Essay #4 - What Women Want

   One of the reasons that many men support liberal abortion laws is because they have been persuaded that this is something that women really want. Public opinion pollsters, however, have consistently found that women and men do not differ significantly in their views about abortion, and that when there is a difference (and that depends on how you phrase the questions you ask) women are slightly more pro-life than men. Elite white women tend to be more pro-choice, while poorer women (especially women of color) are more pro-life. Elite women are in a better position to make their voices heard and present themselves as representing the women’s position on the issue; elite men who are policy makers accept this picture because the women they know are pro-choice.

   Women are more passionate about the issue because it impacts them in a more intimate way, and this is true regardless of which side they are on. Of course there are women who feel passionately that women should have the right to terminate their pregnancies whenever they choose to. But, the pro-life movement has enormous grassroots support among women, and many women who have never been involved in politics before have been drawn into political involvement because of their passionate pro-life convictions. Women are leaders at all levels in the pro-life movement. When I first became converted to being pro-life I was single and in my thirties, and I hoped that through my involvement with the pro-life movement I might find a compatible husband. Imagine my frustration when every meeting I went to was attended exclusively by women!

   Seething just beneath the surface of public debate on the abortion issue is a bitter battle between careerist women and those who seek fulfillment primarily in motherhood (with some women, of course, trying very hard to embrace both). When I attended an elite women’s college, I got a very clear message that women who only married and had children were somehow failures; careers were the way to fulfillment. And hostility to feminist activists is common among working class women who perceive such women as holding them and their values in contempt. Many non-elite women would kill for the opportunity to stay home with their children, while many elite women sneer at those who do so and regard them as oppressed.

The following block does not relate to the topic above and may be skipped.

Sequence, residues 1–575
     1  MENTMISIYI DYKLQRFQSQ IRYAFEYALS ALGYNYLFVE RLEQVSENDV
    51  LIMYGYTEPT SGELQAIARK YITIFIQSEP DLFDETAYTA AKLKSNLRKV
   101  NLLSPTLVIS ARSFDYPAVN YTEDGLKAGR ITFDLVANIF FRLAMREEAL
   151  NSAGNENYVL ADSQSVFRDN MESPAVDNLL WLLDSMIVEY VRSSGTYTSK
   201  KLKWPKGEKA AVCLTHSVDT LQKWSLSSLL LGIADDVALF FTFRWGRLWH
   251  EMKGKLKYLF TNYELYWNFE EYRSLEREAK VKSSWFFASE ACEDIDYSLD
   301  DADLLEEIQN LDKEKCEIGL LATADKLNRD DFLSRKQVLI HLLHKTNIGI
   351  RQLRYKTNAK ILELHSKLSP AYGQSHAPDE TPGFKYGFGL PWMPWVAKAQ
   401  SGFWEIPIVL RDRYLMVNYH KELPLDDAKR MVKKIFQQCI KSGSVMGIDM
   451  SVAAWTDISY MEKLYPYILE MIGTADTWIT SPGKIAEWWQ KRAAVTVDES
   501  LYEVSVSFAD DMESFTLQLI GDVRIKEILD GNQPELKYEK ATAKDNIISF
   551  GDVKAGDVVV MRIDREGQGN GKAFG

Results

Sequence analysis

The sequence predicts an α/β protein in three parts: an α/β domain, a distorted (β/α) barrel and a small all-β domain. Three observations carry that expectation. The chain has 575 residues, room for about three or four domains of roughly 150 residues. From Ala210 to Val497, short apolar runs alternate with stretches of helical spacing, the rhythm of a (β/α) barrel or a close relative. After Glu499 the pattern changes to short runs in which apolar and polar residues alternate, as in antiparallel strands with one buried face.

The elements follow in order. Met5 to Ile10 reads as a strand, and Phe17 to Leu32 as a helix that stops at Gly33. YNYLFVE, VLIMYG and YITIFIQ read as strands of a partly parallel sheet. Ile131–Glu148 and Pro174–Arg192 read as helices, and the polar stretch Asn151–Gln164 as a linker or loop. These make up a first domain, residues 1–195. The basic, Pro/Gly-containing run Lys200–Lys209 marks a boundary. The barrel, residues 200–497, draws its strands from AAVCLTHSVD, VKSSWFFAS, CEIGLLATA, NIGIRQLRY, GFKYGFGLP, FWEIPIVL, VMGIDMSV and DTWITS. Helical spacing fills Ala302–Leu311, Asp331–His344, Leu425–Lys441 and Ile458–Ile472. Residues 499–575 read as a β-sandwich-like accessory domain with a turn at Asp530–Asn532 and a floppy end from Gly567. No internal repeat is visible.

In short, not all women want the same things. Furthermore, what they want for themselves is often different from what they want for other women. Elite women who are strongly pro-choice often say that they themselves would never have an abortion, but that they believe other women should have the right to, often inviting us to sympathize with the plight of women trapped in lives of poverty. The subtext, all too often, is that abortion is being used as a way to keep down the numbers of the poor, especially people of color. (Eighty percent of abortion clinics are located in poor minority neighborhoods.) Thus, instead of being a compassionate and progressive cause, the pro-choice movement is driven by, or at least harmonizes well with, a selfish desire on the part of those in positions of power and wealth to preserve their elite status and not have to shell out money to help the poor. This is not a pretty picture.

   Nor is it consistent with Catholic social teaching. The “preferential option for the poor” is something we hear about constantly from the pulpit. We believe that all human beings ought to be provided with the essentials for living a fully human life. We are to have solidarity with the weak and oppressed. And who is more vulnerable and helpless than the unborn child? Solutions that enable both mother and child to flourish must be sought for.

   Finally, what women want and choose in a moment of desperation is not always the same as what they would choose upon calm reflection or what they will be feel at peace with having done. In addition to the possible physical damage they may suffer as a result of an abortion, the emotional fallout can be devastating. The largest longitudinal study ever done (designed by a pro-choice researcher hoping to debunk the whole idea of “post abortion syndrome”) found that women who have had abortions do in fact suffer from serious psychological problems that they did not suffer from before their abortions. Those who carried their pregnancies to term did not manifest these patterns. (The Eliot Institute ( is the best source for information on post abortion syndrome.) Post-abortion healing ministries are springing up around the world. As a bumper sticker put it: “Abortion: one dead, one wounded.”

   Women deserve better than abortion. A country with the resources we have can afford to take good care of its children – born and unborn – and help mothers get the support they need to raise the next generation.